Butternut squash soup plumps barley to a creamy consistency and infuses it with flavor as it cooks. Finely chopped vegetables cook in the same amount of time as the barley, for a one-pot meal that’s ready in about 20 minutes.
Think of these rolls as noodle-wrapped salads with a dressing for dipping.
Chow fun is the Chinese name for rice noodles. We’ve called for fresh noodles here, but if you can’t find them, substitute dried rice stick noodles and prepare according to package directions. The noodles soak up the sauce quickly, so serve immediately.
The national dish of Vietnam, pho is an aromatic noodle soup that’s traditionally made with beef broth. Here, store-bought vegetable broth is spiked with onion, garlic, and spices for a full-bodied vegetarian alternative.
Turn this Korean street-food snack into a full meal by serving the pancake wedge on a bed of sautéed spinach and topping it with a freshly poached egg and squirt of sriracha.
Thin rice vermicelli noodles are piled atop a saucy eggplant stir-fry so they retain their tender, fluffy texture and don’t get weighed down by the sauce. Serve this dish with lime wedges and your favorite hot sauce.
Similar to spanakopita, this pie gets its creamy texture from tofu, not cheese and eggs. Be sure to use a sharp knife to cut the pie so that the crisp, delicate phyllo crust doesn’t crumble and lose its shape.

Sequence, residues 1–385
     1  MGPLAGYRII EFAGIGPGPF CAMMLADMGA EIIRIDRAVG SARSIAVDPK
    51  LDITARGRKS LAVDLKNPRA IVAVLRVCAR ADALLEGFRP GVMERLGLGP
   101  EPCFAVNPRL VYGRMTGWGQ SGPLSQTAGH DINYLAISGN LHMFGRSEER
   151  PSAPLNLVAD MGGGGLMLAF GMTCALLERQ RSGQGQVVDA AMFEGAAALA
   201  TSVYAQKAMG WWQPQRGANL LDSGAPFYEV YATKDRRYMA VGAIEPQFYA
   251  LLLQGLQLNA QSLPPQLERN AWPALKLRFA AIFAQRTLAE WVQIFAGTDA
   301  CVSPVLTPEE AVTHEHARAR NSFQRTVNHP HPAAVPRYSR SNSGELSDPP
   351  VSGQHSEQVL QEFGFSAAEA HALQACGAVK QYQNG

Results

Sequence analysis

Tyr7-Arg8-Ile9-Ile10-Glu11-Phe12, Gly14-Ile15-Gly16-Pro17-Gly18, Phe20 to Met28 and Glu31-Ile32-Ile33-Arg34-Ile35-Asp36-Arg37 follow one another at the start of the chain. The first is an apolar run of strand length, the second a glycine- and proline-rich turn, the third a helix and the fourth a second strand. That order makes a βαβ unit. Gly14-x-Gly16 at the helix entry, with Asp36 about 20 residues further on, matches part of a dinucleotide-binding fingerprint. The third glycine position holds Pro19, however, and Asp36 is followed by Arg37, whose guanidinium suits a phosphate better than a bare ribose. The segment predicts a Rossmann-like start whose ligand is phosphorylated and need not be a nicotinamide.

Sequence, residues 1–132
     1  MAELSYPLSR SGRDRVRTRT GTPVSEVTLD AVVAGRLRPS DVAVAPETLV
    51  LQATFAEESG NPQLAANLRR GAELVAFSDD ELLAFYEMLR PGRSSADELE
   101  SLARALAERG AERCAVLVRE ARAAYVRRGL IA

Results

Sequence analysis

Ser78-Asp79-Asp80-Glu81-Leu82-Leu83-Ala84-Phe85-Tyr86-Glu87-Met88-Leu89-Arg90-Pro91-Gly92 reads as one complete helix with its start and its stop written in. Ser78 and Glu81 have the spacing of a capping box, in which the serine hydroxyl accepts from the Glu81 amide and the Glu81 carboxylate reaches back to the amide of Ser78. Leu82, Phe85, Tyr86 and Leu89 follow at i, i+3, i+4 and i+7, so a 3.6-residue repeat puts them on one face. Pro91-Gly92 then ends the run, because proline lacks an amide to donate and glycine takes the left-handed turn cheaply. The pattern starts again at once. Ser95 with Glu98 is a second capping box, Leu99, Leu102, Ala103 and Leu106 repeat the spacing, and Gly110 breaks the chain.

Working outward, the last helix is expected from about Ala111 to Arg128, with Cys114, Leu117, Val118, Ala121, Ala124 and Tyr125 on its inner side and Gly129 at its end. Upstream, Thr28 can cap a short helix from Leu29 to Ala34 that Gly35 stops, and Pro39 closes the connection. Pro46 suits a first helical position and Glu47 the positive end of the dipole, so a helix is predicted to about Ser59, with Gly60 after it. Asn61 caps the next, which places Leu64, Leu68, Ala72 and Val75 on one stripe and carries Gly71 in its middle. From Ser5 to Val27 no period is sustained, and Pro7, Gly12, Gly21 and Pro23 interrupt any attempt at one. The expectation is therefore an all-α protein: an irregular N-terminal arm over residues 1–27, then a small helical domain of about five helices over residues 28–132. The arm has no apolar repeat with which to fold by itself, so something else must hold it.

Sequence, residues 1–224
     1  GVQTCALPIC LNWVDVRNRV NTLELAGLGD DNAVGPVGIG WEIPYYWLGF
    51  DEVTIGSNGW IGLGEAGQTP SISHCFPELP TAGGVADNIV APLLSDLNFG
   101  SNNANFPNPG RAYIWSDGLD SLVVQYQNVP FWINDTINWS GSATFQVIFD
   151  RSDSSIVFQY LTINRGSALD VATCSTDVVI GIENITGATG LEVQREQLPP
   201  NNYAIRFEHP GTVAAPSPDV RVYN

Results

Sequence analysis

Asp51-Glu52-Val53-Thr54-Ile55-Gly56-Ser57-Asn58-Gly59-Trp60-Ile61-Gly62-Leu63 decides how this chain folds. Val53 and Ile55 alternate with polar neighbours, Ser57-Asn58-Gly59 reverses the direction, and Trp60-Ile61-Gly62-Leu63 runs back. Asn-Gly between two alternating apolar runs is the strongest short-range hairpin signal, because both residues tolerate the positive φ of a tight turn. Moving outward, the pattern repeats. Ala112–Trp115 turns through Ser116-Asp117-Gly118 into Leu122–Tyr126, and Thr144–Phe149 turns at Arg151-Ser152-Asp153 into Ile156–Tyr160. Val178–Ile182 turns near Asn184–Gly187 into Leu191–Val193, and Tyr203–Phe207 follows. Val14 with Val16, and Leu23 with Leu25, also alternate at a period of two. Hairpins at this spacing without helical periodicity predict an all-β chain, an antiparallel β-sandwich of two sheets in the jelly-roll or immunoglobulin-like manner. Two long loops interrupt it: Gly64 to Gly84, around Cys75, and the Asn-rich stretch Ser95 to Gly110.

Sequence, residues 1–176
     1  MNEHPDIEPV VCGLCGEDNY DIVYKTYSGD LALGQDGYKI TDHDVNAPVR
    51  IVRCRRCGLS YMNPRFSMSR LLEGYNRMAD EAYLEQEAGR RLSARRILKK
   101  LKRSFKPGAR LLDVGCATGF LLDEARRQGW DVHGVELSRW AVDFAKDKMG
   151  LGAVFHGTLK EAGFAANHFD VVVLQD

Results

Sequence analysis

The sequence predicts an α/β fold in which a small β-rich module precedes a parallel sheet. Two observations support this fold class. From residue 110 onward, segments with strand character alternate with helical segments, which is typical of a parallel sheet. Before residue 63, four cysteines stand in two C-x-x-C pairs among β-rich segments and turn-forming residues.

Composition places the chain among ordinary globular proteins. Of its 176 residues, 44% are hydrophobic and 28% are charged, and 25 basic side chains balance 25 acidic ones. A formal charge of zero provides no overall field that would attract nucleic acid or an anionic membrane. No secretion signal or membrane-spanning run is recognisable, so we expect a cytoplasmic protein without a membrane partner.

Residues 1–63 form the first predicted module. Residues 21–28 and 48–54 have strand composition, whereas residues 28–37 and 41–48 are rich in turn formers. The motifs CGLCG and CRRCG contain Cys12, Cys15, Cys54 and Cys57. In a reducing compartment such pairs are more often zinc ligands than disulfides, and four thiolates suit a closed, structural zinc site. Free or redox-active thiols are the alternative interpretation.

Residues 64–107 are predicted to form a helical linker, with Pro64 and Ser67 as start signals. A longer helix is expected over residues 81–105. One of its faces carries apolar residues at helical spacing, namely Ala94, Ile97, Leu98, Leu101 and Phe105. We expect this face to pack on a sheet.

The gorgeous look of this pie comes from baking it upside down with the roasted squash on the bottom and the crust on top, then flipping it over to serve. It is seasoned with za’atar, a Middle Eastern spice mixture made with sesame seeds and ground dried thyme and sumac. If you can’t find za’atar, you can sprinkle the squash with dried thyme and sesame seeds.
Coconut milk stands in for heavy cream in these easy homemade chocolates.
No one will be able to tell that the rich, creamy dressing for this greens-and-grains salad is made with coconut milk—but everyone will know it tastes delicious.
When you switch in parsnips for cabbage, a grated slaw can be so much more than a picnic side. Serve on a bed of salad greens, or use as a sandwich filling. Try the recipe with grated beets in place of carrots, too!
Chef: Richard Landau of Vedge in Philadelphia. “Here’s a re-imagined answer to the string bean casserole—ugly, brown, and bubbly with a can of soup for its sauce. This new, light approach features a Spanish crumble called picada. It’s a great seasonal touch and just enough to take French beans over the top, says Landau. Picada, a savory Spanish garnish traditionally made with almonds, can be as thin as tahini paste or as dry as a crumble. If your green beans aren’t perfectly fresh, try blanching them in salted water for 2 minutes before roasting to bring them back to life.